by Doug Bennett
“President Obama’s policy toward Syria has failed, and it’s time to try a tougher approach.” Nicholas D. Kristof wrote those words in a column in the New York Times on August 28th. He went to urge that the U.S. arm those opposing President Assad, and launch missile strikes against the Syrian regime.
Kristof was hardly alone in urging military action when he wrote those words, and a good deal has changed since then. Kristof’s support of military action was striking because he seems like one of the least likely commentators to urge such a course. Most days and most situations, he would urge an approach grounded in dialogue, respect for human rights, and adherence to international agreements. But beyond the surprise of his hawkish urgings in this case, I want to focus on his judgment that U.S. foreign policy had “failed.”
By “failed,” I think Kristof means that we hadn’t gotten our way; our efforts did not produce the outcome we wanted. We hadn’t gotten the Assad regime to stop the violence against its own citizens.
That is an astonishing expectation: that the United States will always get its way in foreign relations. and if we do not, we should count the effort a failure. What anyone else wants doesn’t matter and doesn’t count. If we don’t get what we want, we fail.
Let us call this ‘the grand presumption.’
It isn’t just an expectation that the U.S. is a superpower. It goes even beyond an expectation that we will be the only superpower on the world stage. It is the widely held (even if rarely articulated) assumption that we will always get our way.
Among Americans, it isn’t just Kristof who holds this expectation. It is held by nearly everyone who has a significant voice in the making of U.S. foreign policy: Republicans and Democrats, hawks and doves, soldiers and diplomats. Some who hold this grand presumption favor military means; others encourage diplomacy or ‘soft power.’ But the underlying assumption is the same. If I single out Kristof here, it is only to emphasize how broadly shared is this grand presumption among those whose views are considered sensible in the making of foreign policy.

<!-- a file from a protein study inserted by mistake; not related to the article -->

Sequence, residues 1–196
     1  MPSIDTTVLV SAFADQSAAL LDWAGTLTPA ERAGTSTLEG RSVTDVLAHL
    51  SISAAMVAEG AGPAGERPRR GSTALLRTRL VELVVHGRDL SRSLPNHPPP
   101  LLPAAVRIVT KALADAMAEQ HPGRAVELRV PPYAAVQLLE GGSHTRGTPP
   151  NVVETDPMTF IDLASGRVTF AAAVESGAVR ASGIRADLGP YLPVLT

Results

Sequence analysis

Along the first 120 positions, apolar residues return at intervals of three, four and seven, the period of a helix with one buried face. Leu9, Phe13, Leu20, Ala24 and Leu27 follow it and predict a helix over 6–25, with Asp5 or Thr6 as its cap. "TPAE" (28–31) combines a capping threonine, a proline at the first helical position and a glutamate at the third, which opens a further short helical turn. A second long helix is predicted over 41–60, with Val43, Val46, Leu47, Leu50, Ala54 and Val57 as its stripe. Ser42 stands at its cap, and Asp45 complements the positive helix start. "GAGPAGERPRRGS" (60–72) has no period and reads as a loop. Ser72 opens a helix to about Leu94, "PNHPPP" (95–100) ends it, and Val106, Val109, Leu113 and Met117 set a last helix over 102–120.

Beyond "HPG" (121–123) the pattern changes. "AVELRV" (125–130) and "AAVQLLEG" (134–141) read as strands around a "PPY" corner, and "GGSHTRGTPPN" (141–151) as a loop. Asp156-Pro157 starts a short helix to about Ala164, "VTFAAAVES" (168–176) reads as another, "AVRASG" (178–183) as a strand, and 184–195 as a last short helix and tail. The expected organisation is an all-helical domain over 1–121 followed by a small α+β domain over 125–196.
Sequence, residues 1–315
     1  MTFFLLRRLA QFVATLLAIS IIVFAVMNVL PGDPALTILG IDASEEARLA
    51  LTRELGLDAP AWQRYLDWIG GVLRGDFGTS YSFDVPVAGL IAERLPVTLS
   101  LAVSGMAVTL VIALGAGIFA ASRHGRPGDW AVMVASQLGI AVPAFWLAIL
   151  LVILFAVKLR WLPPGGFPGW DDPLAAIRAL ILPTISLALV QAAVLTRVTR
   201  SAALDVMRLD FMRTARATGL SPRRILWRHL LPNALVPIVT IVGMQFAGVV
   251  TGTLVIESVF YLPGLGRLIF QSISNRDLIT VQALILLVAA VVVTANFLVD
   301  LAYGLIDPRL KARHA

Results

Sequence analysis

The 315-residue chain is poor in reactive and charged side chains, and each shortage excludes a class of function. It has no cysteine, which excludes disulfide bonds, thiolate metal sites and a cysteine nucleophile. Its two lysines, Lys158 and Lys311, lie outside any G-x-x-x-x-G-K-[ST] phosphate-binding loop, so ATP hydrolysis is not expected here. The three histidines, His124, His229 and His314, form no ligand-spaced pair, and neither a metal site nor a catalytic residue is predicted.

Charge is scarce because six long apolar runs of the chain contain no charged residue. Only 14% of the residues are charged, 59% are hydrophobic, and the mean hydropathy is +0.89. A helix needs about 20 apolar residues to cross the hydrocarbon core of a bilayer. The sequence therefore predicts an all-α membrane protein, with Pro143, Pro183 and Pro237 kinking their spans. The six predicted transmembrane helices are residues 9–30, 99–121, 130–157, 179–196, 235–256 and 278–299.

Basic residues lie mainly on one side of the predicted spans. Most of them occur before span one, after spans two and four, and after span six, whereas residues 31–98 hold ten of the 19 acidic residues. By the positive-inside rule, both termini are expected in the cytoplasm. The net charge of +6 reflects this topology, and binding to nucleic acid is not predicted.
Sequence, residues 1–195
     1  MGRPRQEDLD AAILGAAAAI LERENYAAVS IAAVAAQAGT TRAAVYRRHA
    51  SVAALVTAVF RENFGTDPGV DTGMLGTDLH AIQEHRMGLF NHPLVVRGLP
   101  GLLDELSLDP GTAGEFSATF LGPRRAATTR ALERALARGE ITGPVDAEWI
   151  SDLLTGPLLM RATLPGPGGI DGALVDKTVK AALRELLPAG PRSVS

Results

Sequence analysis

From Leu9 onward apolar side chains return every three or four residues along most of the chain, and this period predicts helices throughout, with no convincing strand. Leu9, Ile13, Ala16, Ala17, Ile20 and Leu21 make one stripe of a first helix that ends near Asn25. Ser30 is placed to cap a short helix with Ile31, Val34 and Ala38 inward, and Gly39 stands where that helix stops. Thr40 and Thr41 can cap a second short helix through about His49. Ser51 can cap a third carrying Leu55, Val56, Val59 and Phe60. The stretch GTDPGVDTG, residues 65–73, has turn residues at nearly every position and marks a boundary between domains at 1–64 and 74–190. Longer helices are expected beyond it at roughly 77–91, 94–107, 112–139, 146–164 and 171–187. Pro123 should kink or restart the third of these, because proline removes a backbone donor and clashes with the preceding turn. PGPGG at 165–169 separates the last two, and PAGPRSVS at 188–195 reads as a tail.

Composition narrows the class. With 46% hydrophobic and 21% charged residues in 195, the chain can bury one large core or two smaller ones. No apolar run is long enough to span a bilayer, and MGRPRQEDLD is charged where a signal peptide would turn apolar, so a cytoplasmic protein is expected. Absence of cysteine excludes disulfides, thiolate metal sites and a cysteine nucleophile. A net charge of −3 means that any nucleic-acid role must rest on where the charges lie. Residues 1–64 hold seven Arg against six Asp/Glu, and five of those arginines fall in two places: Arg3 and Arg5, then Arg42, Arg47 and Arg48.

To break with this grand presumption – as I do – is to set yourself on the fringe – to disqualify yourself as one who should be taken seriously in discussions of U.S. foreign policy. And yet breaking with this grand presumption is the first step towards shared security.
No other country looks at its foreign relations in this way. No Belgian, no Russian, no Egyptian, no Argentine would entertain such an expectation. They may put their own interests first, but they do not always expect to get their way.
In this grand presumption there is no room for shared security, because there is no real room for sharing. There is no room for giving equal respect to the views of others. In this mindset, we may seek partners or form coalitions with other countries, but in these joint efforts we will always expect to dominate. We will be the ones to set the terms. We may try to work through the United Nations, or (failing that) through NATO. But if we cannot persuade or press them to see it our way, we are prepared to act on our own.
It should come as no surprise that much of the rest of the world – even when they agree with our goals – views us with caution or distrust.
The grand presumption is the antithesis of shared security. Those of us who seek a different approach must be prepared to be seen on the fringe. We must be prepared to be labeled naïve. But the turn to a safer world for all of us depends on breaking with this grand presumption.
About the author: Douglas Bennett is clerk of AFSC’s Friends Relations Committee, a member of AFSC’s Corporation, as well as as a member of AFSC’s Standing Nominating Committee. Doug is Emeritus President and Professor of Politics at Earlham College. His scholarly publications include Transnational Corporations Versus the State: the Political Economy of the Mexican Automobile Industry, co-authored with Kenneth Sharpe (Princeton University Press, 1985), and many articles on transnational corporations in developing countries, immigration, and other topics in public policy and in higher education. Doug serves on the FCNL General Committee. In the past Doug has served on various of AFSC’s advisory committees. He is married to Ellen Trout Bennett, and has two sons, Tommy (born 1984) and Robbie (born 2003). He is a member of First Friends Meeting in Richmond, Indiana, part of the New Association of Friends that is forming in the midwest. You can learn more about Doug at his blog.